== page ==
Traditional family relationships are quite complex and differ significantly from non-Indigenous family relationships. Indigenous Australians tend to have extended families and these often go beyond blood and marriage – a kinship system that defines where a person fits into the community and decides what rights and responsibilities each person has within that community. (Kinship systems also vary across Indigenous communities).

Often Indigenous Australians will refer to Elders or leaders within their community as Aunt or Uncle, even if not blood-related, as a sign of respect. You may also hear Indigenous Australians refer to each other as brother or sister even though not blood-related.

Responsibility for, and to, family is particularly significant to Indigenous Australians and the flow on from this may impact on the workplace. Family will usually be the number one priority to an Indigenous Australian.

Be aware that caring for children and elderly family members, including financial care, health care and general care, is often shared within extended family and community. This means a person will likely have more responsibility outside their ‘nuclear’ family.

The potential for cultural differences in family responsibilities is acknowledged by the Charles Sturt University Enterprise Agreement definition of ‘immediate family’, which includes the qualification that other kinship and family networks may be considered on a case by case basis when interpreting what is meant by family.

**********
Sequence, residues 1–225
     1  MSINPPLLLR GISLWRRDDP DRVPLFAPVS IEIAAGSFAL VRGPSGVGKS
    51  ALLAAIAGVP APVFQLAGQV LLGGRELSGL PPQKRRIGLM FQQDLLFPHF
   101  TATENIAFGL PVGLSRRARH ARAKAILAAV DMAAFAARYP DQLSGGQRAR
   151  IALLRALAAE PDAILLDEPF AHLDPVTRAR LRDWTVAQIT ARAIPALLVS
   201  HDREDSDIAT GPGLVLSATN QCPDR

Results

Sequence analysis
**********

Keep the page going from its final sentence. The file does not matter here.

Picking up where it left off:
Family Responsibility and Absences from Work

Due to the breadth and depth of responsibility to family in Indigenous culture, there is the possibility that there may at times be recurrent or unexplained absences from the workplace, or someone may repeatedly turn up late to work without explanation. Support or care for family may take priority over attending work. In circumstances where this happens, it is important to address the issue early on to prevent any potential for deterioration in working relationships. Speak to the staff member in a private space and in a comfortable manner to try to identify the issues and determine how they can be supported while meeting the expectations and needs of the workplace. Be respectful of commitment to family and avoid judgemental language such as the term ‘walkabout’ when referring to the whereabouts or behaviour of the individual (this term has often implied lack of discipline and responsibility and is disrespectful and highly offensive). Make sure that the staff member understands both how they can be supported and the expectations within the workplace around notification of absence and leave options. It may be appropriate to discuss alternate leave options with the staff member, such as unpaid or purchased leave.